Growing Mint, also Garden mint

Jan F M A M J J A S O N Dec
  S   P P              

(Best months for growing Mint in USA - Zone 5a regions)

S = Plant undercover in seed trays P = Sow seed

  • Easy to grow. Grow in trays and plant out or start from cuttings. Sow seed at a depth approximately three times the diameter of the seed. Best planted at soil temperatures between 70°F and 75°F. (Show °C/cm)
  • Space plants: 12 inches apart
  • Harvest in 8-12 weeks. Cut leaves from top with scissors.
  • Compatible with (can grow beside): Cabbages, Tomatoes

Your comments and tips

27 Jan 20, Anon (New Zealand - temperate climate)
You may have hacked it back too hard. Freshish cow dung won't do anything at first, it needs to decompose first and it is not rich in fertiliser. Don't over fertilise any crop it will only produce massive growth.
11 Jan 20, Lori (USA - Zone 9a climate)
Can I grow peppermint here if it does not get anything but Morning Sun and lots of water? I just caught a mouse eating all of my ginger and tumeric rhizomes that I spent 8 hrs planting
17 Jan 20, colleen (USA - Zone 10b climate)
I used to live in zone 9 and when I grew mint in those conditions (morning sun, plenty of water) it grew like a beast and took over most of my garden. So--yes, it should do great...but be careful what you wish for!
11 Oct 19, MS. DANA L. FOX (USA - Zone 9a climate)
WHICH TYPE OF MINT SHOULD I PLANT OUTSIDE TO HELP REPEL BLACK ANTS? WHERE IS THE BEST PLACE TO BUY IT AT IN THE FRESNO CALIFORNIA AREA? THANK YOU DANA
25 Sep 19, Peter Devenny (Australia - sub-tropical climate)
Hey all, I have a problem with a white/grey mould appearing on my mint and sage leaves, the leaves are dieing off and i don't know what to do about it , can anyone help please Happy gardening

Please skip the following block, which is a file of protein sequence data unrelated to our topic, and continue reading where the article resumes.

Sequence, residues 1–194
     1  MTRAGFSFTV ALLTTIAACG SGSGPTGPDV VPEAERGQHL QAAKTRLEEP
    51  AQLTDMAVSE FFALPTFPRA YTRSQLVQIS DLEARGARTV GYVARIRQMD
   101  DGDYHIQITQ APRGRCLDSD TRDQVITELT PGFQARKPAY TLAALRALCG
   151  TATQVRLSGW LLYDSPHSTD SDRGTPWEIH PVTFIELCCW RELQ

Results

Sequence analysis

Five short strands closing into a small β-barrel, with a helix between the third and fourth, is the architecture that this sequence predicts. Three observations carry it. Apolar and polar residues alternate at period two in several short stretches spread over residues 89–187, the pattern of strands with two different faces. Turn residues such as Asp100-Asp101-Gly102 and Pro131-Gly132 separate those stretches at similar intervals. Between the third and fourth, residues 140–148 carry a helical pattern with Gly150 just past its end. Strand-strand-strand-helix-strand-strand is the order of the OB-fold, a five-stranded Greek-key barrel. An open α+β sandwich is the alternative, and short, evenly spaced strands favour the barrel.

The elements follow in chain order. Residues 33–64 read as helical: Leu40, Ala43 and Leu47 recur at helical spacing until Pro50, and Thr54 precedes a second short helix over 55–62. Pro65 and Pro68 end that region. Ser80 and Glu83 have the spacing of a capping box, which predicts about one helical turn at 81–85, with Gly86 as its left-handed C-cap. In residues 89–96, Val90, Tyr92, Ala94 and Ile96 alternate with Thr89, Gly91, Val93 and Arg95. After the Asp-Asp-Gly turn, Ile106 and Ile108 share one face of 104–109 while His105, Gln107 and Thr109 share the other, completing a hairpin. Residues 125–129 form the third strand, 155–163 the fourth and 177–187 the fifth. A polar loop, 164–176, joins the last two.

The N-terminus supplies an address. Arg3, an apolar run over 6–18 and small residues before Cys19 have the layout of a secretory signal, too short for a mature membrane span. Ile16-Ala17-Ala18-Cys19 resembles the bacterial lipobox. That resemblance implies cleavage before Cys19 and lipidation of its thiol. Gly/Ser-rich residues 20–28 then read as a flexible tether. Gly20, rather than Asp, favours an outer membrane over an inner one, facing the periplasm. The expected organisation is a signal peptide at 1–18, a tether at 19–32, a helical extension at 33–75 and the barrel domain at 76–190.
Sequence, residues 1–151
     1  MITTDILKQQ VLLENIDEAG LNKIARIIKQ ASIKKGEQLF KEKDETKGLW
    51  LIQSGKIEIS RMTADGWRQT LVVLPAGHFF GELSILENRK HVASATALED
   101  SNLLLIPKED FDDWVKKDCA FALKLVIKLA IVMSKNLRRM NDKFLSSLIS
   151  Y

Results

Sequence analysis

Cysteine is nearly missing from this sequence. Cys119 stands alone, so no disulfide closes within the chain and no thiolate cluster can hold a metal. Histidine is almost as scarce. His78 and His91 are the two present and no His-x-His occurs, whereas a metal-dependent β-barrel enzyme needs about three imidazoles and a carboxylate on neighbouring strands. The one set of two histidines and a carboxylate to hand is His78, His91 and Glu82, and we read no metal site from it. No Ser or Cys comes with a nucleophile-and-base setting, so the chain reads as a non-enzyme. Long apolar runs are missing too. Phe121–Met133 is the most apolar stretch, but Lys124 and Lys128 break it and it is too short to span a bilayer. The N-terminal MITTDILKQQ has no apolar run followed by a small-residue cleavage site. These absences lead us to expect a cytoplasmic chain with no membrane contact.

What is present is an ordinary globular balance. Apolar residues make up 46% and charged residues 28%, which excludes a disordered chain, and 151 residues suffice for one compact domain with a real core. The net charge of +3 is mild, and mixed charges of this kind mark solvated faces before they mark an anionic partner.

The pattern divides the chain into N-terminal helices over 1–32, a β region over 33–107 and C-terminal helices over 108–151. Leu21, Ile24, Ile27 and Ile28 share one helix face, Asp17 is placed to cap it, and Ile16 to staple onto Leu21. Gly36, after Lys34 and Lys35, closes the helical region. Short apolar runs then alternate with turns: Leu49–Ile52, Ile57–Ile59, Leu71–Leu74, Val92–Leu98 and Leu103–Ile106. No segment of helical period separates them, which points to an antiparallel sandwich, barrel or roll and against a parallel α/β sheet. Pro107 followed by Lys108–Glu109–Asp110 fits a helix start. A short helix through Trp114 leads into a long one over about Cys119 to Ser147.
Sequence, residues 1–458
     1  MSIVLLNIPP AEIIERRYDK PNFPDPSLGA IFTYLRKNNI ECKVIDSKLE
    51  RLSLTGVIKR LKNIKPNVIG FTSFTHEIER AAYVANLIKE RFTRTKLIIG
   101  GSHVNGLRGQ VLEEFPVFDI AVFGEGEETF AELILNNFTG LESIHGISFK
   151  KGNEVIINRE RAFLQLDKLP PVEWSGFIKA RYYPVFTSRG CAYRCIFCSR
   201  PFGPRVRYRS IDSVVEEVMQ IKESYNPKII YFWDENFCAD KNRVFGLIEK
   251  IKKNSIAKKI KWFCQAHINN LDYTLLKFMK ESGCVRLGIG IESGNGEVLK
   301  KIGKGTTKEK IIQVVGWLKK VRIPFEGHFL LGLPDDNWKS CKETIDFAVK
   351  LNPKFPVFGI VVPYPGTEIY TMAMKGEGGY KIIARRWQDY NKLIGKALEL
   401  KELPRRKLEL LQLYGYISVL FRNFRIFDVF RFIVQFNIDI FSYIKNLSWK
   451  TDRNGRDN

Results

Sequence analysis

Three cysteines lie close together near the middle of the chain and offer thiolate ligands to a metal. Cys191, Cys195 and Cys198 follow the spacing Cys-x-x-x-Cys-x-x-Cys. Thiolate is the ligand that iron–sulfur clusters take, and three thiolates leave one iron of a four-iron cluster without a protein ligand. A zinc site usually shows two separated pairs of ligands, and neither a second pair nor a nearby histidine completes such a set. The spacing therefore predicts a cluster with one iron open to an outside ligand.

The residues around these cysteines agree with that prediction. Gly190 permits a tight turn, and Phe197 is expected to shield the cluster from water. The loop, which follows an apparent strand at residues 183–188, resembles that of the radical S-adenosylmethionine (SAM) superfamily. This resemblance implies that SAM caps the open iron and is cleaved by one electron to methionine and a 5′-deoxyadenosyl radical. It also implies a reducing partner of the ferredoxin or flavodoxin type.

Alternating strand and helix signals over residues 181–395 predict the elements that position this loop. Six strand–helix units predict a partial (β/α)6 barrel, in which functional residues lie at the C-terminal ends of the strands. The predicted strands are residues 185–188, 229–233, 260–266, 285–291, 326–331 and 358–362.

26 Sep 19, Anon (Australia - cool/mountain climate)
Google the internet, you might find a natural spray. If you can't fix it, throw the soil and plant in the rubbish. Give the pot a good sterilisation and start again.
12 Jul 19, Sally (Australia - temperate climate)
I have a few patches of mint - in a garden bed and in pots. It thrives in spring and summer, but still grows quite well through winter. In the last two years, though, I have had a pest; a tiny fly that must lay its eggs in teh growing tips. This causes the tiny terminal leaves to stick together as the eggs hatch and teh larvae feed. If I prise the tip leaves apart I can (just) see tiny, tiny yellowish maggots. I took them to a lab and examined these under a microscope. Sure enough they are typical maggots - legless, hairless, pointed at one end and flat at the bum (spiracle) end, wriggling about. They are about 1 mm long. It kills the tips - they go brown and once the larvae change into adults the tips dry out and die. Does anyone know what the ID of this fly is? And what I should do? I'm guessing remove all tips, put out yellow sticky paper for the adult flies and maybe spray with spinosad? Or stop growing mint for a season??? Help! I do love mint in my mojitos!
15 Jul 19, (Australia - temperate climate)
I'd suggest you spray and yellow sticky paper and see how it goes.
12 Mar 19, Greg paterson (Australia - tropical climate)
What is the best variety of mint for Darwin I have grown Coles and Woolies cuttings but they struggled and had low yield
15 Mar 19, Joanne (Australia - temperate climate)
Try growing Vietnamese mint. www.abc.net.au/gardening/factsheets/tropical-herbs/9427796
Showing 11 - 20 of 88 comments

You may have hacked it back too hard. Freshish cow dung won't do anything at first, it needs to decompose first and it is not rich in fertiliser. Don't over fertilise any crop it will only produce massive growth.

- Anon

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